Tellez overcomes obstacles cancer stigma brings

Freshman Juan Tellez speaks with a teacher during class.

Photo by Morgan Babcock

Tellez overcomes obstacles cancer stigma brings

Juan Tellez was an average, everyday kid. He woke up, went to school and then came home.

But soon, Juan and his family would receive very terrible and upsetting news. In May of 2008, Juan was diagnosed with Acute Myeloid Leukemia or AML.

“I thought I was going to die when I first found out that I had cancer,” said Juan.

Like all people, being told that you had a life threatening disease would be very hard and scary.

“I was devastated. You realized that your whole life is about to change,” said Juan’s mom, Shae Mahan.

Juan began taking different treatments at Riley Children’s Hospital in Indianapolis. While at Riley’s, Juan had to go through treatments such as chemotherapy: both the pills and the drip, and arsenic. Arsenic is usually used in rat poison but it is also for treatment in the type of leukemia that Juan had. Juan was stuck taking multiple different pills all the way up until September 11, 2010.

“I didn’t miss school a lot because of appointments. I mainly missed because I was sick and vomiting,” said Juan.

Juan did not miss much of his second semester of sixth grade, but he missed almost all of the first semester. Since Juan was gone so much, Juan had a hard time doing his work but unbelievably passed his classes. Juan and his family were gone from home a lot during his time with cancer. His family lived at the hospital for 41 days and they lived at the Ronald McDonald House for over 80 days.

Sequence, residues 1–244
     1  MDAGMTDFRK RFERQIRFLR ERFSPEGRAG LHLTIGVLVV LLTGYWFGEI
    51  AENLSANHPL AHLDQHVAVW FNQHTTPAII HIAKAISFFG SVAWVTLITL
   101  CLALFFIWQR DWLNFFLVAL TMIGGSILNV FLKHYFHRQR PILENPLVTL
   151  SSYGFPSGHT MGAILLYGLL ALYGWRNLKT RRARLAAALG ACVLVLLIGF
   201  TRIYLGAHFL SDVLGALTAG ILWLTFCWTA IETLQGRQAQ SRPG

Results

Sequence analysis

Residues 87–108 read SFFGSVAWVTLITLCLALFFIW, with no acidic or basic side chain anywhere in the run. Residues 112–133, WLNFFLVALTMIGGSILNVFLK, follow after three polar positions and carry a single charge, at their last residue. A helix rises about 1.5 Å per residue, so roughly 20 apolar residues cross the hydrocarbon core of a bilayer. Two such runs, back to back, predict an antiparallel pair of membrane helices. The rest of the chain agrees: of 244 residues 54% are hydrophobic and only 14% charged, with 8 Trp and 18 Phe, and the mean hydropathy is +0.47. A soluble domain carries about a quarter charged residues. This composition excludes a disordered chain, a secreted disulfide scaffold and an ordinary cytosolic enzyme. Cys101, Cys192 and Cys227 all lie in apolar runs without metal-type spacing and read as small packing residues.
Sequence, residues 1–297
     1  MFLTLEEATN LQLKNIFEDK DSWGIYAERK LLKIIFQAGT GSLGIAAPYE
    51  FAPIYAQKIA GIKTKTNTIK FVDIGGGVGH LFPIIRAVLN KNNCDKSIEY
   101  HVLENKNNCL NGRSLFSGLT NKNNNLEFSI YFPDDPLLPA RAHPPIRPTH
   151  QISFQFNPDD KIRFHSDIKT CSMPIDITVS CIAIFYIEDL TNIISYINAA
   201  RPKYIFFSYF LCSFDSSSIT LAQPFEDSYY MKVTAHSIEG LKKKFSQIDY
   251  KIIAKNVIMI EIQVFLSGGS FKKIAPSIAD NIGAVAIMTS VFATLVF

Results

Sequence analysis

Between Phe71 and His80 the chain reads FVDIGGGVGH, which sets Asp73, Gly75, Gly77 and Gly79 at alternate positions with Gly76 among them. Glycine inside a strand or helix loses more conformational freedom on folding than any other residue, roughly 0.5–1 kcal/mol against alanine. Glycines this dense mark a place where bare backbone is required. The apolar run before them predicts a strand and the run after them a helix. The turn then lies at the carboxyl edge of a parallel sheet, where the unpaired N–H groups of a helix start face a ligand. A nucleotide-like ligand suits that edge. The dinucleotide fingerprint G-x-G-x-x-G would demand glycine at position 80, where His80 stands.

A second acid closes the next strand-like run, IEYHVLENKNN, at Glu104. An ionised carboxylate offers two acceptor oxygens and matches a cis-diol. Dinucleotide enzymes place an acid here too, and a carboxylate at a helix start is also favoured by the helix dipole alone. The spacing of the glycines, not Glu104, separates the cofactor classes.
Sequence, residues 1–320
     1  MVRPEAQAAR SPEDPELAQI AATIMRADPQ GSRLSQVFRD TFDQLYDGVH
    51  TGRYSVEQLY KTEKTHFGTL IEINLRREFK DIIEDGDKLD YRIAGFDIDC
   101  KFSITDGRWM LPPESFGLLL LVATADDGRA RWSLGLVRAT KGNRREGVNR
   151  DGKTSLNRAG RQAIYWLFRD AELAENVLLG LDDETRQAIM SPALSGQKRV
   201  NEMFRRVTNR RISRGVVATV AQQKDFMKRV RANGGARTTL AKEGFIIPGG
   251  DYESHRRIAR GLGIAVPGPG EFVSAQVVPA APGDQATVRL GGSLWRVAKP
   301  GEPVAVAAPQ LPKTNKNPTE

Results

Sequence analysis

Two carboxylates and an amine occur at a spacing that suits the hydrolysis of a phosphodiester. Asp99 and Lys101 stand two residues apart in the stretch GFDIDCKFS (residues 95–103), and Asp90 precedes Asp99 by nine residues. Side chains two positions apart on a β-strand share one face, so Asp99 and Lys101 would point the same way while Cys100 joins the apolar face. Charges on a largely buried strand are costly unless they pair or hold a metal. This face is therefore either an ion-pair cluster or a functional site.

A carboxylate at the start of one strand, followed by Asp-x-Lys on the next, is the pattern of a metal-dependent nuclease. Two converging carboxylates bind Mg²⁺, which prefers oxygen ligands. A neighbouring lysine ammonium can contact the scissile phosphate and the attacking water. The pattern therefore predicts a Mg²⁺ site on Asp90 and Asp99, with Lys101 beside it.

When they were finally able to come home from the hospital, they were forced to move houses because over the summer, mold had grown in their house.

“We worried about the sick kids at school. Even something as simple as the common cold could have killed him,” said Shae. “All of his friends and the staff at Throop were great! We could not have done it without them.”

Every few months, Juan goes back to Riley Children’s Hospital for blood work and checkups. Juan did not want any of his teachers to know that he had cancer because he was scared they would treat him different because he had cancer. Even though he had cancer, he does not like to be treated differently than others.

Like all moms, Shae is worried that Juan’s cancer will come back.

“I worry about Juan’s cancer coming back every day, every checkup, every headache, body ache or nose bleed, I worry,” said Shae.

On October 15, 2010, Juan had officially won in his battle against cancer. Today, Juan is a ninth grader at PHS and has been in remission every since.

Story by Bailey Rankin